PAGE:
Egaming industry predictions for 2020
2020 will be a year of reform, but at an evolutionary rather than revolutionary level, developing themes we have seen in the last 12-24 months: … Read more
2020 will be a year of reform, but at an evolutionary rather than revolutionary level, developing themes we have seen in the last 12-24 months:
- A ban – or at least restrictions – on using credit cards for gambling will be introduced in the second half of the year. Following the Gambling Commission consultation on the use of credit cards and the All-Party Parliamentary Group call for a ban on the use of credit cards to gamble online, the Conservative manifesto proposed review of the Gambling Act with a particular focus on credit cards. With the Liberal Democrats also pledging to ban credit cards, and Labour proposing general reform of the Gambling Act, this is likely to receive cross-party support. However Parliamentary time may be limited by Brexit-related legislation and, as always, the devil will be in the detail, so any changes are unlikely to come before the second half of the year. Additional know your customer techniques will need to be developed to make up for the loss of information relating to credit card ownership and use.
- Loot boxes may finally be regulated. The 2019 Parliamentary (DCMS) Committee recommended their regulation as games of chance, and a ban on the sale of pre-paid loot boxes to children, and this was another focus area for reform pledged in the Conservative party manifesto – but again limits on Parliamentary time may mean this is kicked down the track a little first.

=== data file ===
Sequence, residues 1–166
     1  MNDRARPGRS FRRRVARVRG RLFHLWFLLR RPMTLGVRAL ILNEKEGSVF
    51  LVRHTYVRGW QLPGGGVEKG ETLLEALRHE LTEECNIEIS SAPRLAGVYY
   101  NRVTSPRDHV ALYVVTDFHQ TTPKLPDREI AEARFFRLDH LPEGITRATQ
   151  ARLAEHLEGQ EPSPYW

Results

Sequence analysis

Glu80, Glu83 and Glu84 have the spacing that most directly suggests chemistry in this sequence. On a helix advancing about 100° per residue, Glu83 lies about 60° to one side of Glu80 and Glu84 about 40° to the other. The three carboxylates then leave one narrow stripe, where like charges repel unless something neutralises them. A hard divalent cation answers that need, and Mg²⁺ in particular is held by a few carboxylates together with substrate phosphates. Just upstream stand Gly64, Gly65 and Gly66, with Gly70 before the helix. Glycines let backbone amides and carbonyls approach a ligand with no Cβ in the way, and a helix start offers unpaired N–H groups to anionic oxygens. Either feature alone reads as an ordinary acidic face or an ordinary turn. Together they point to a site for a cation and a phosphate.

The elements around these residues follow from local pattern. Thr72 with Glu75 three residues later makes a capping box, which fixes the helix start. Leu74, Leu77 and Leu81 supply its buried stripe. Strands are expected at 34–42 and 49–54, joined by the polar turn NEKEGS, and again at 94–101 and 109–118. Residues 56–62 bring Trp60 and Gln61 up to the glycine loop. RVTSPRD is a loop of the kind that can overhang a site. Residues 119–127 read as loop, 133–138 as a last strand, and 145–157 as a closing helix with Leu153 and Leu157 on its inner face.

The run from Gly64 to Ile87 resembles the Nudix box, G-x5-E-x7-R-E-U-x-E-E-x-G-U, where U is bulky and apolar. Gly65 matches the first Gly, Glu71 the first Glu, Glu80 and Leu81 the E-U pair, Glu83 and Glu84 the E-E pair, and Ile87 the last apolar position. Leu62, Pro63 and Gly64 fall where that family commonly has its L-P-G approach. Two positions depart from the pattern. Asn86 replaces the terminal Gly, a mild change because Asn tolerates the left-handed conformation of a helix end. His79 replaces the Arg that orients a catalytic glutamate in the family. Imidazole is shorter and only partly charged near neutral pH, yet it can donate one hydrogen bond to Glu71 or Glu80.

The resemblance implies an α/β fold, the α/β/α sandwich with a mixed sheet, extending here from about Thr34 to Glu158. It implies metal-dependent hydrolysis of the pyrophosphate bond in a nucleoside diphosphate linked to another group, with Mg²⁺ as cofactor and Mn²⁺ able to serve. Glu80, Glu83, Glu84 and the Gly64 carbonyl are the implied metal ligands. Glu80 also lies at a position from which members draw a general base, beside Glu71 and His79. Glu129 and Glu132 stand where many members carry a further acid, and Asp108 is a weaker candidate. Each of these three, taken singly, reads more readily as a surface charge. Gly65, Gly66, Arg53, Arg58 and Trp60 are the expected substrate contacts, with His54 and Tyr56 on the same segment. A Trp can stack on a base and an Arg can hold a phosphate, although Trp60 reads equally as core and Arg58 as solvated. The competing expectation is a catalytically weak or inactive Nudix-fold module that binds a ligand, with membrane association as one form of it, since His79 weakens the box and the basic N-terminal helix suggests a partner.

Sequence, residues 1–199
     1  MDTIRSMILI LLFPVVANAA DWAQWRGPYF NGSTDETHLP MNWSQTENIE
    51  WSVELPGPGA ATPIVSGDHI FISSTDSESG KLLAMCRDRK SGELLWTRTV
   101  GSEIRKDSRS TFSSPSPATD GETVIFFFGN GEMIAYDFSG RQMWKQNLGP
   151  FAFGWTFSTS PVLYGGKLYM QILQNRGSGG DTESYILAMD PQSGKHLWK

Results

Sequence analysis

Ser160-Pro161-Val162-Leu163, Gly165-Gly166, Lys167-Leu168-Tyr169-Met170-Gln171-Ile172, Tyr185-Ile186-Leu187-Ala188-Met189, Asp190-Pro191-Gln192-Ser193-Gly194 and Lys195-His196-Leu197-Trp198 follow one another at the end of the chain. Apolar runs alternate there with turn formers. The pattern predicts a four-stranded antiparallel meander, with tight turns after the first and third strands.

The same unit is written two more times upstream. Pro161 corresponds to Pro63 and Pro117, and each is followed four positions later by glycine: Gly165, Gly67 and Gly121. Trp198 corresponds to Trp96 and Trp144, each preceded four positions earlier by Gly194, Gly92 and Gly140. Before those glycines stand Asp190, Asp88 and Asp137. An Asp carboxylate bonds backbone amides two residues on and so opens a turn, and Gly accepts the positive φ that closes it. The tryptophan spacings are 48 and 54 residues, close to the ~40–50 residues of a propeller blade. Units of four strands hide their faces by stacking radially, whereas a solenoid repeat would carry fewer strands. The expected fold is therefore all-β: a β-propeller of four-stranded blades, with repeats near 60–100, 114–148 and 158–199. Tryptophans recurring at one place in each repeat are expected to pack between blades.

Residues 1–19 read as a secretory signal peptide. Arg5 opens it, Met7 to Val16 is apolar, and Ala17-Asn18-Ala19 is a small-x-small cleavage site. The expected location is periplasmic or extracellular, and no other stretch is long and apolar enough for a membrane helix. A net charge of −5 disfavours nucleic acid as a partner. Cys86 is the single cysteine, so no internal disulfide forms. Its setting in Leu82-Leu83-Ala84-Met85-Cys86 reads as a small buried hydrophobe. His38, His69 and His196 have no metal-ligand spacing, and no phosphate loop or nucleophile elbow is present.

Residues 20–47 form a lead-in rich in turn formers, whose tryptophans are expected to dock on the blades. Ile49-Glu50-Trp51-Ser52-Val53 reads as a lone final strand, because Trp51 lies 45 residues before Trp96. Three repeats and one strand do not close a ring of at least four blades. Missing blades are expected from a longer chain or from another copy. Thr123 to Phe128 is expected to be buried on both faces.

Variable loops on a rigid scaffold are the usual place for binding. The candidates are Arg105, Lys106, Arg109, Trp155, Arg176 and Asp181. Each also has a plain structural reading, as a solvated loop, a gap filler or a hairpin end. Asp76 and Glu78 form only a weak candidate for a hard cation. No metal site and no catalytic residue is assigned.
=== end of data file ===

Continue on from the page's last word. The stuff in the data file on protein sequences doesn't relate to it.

- Social responsibility and innovative technology will continue to go hand-in-hand. Facial recognition may become part of the standard KYC checks, algorithmic predictors of risk will become increasingly sophisticated, and there will – or should – be an increased focus on building social responsibility into the design of games. Increased consumer-focus will hopefully lead to development of new tools to help players control their gambling, as well as improved user experience; mobile devices can offer always-on controls as well as gambling opportunities. I am disappointed that once again ICE have relegated the Consumer Protection Zone to a further corner of the exhibition area, down-playing the critical importance of this aspect of the industry.
- Looking further afield: Though the UK continues to represent the largest part of the EU online gambling market, the growth opportunities are increasingly elsewhere. Brexit provides a further reason for operators to base their HQ elsewhere and the recent reports of a slight decline in UK remote revenue (despite increased turnover) may presage a greater focus on other territories – perhaps the US, finally building on the 2018 repeal of PASPA, and/or in South America. Lack of harmonisation across EU continues to represent a challenge for an integrated growth strategy, but the opportunities in Eastern Europe may be increasingly attractive.
And finally, a negative prediction: cryptocurrencies may continue to nibble at the edges of the gambling sector but 2020 will not be the year when they become mainstream. The fact that the 5th Anti-Money Laundering Directive will impose the same AML and customer due diligence obligations on cryptocurrencies and cryptocurrency exchanges will increase their costs of operation, so reducing the potential savings from dealings in these currencies, but in the longer term may make these currencies more acceptable to the major operators. It would be ironic if a credit card ban merely led to increased gambling using crypto-currencies.
These predictions were previously published in EGR
To see the 2019 predictions click here
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